Will a No-Fly Zone Really Work in Syria?

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"A no-fly zone is not a monolithic thing," Joseph Holliday, a fellow at the Institute for the Study of War who focuses on the Syria crisis, said at a United States Institute for Peace event last month.

Holliday said that there is a "spectrum" of military options within a no-fly zone, from a full-scale air campaign to finding other creative ways to restrict the Syrian air force's capability. Still, Holliday, who tracks Syria's military capability, warned that the Assad regime seems to be keeping some military fighter jets in reserve specifically to deal with any possible foreign threat.

The Syrian Air Force is "not on its way out," said Holliday, who added that Syria retains "one of the densest air-defense systems in the world."

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Administration officials have also questioned whether a no-fly zone would be an effective way to help the opposition defeat Assad and stop the slaughter of civilians.

"In Syria, when you have a situation where regime forces are intermingled with opposition forces and they're fighting, in some instances, block-by-block in cities, that's not a problem you can solve from the air," said Rhodes.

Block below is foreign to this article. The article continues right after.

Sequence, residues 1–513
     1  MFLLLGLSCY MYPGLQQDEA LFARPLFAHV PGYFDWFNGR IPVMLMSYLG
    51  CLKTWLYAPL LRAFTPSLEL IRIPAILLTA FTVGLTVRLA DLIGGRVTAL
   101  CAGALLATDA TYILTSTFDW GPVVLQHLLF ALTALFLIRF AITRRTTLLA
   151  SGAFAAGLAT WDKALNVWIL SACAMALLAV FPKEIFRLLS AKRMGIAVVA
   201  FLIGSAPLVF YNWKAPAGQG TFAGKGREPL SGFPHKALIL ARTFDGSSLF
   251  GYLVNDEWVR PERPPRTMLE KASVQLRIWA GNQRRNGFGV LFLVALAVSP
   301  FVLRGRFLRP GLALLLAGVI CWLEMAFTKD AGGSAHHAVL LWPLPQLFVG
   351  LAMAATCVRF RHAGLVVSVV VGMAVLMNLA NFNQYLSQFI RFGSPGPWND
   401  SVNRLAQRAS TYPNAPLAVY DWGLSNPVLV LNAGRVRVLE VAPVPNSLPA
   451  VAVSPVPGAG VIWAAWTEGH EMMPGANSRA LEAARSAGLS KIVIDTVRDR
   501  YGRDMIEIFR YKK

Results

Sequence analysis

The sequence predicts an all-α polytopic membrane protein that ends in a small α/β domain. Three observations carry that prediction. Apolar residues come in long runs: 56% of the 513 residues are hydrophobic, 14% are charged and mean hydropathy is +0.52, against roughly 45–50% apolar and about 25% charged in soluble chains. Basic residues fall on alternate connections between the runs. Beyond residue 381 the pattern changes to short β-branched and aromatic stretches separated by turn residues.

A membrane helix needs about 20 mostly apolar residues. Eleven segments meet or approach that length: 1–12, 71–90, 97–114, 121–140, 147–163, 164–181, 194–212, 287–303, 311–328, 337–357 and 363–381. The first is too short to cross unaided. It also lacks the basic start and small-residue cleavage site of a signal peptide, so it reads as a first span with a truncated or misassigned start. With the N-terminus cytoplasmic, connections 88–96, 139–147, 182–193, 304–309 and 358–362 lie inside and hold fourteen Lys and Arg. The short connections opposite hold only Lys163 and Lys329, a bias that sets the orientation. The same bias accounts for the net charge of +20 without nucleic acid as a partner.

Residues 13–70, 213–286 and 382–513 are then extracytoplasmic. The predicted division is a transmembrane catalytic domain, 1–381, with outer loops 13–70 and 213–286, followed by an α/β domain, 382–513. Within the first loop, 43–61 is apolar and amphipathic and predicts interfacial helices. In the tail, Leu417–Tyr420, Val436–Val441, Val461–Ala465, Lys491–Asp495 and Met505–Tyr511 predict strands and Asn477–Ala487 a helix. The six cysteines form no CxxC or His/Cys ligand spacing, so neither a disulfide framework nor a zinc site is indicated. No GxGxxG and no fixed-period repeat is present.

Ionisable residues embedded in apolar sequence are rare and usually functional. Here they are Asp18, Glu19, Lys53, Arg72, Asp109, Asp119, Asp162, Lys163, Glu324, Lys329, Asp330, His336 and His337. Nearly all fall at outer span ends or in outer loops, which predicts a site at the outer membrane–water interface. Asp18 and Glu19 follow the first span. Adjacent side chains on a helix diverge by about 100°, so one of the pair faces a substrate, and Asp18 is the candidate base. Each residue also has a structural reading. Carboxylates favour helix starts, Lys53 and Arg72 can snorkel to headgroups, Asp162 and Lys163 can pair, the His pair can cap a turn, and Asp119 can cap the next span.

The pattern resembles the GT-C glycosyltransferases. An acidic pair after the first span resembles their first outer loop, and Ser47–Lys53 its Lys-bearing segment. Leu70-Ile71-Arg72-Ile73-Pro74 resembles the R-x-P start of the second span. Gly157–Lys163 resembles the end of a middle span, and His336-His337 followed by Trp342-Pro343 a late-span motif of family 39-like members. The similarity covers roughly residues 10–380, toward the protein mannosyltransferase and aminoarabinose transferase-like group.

Chairman of the Joint Chiefs of Staff Gen. Martin Dempsey told reporters in April that he doubted a no-fly zone could be effective in limiting civilian casualties

"About 10 percent of the casualties that are being imposed on the Syrian opposition are occurring through the use of air power," said Dempsey, who noted that the remaining 90 percent are by direct fire or by artillery. "So, the question then becomes: If you eliminate one capability of a potential adversary, will you be inclined to find yourself in a position to be asked to do more against the rest?"

Dempsey said the United States needs to be careful not to get drawn deeper into the conflict without having clear military objectives. If a no-fly zone was ordered, Dempsey said, the Pentagon would have to factor in the need to knock out Syrian air defenses and develop a search-and-rescue plan for any U.S. fighter pilots that could be downed. Military planners also would have to consider the prospect that Syria might launch retaliatory attacks both within Syria and beyond.

"Now, none of these reasons are reasons not to take action," Dempsey said. "But they all should be considered before we take that first step."

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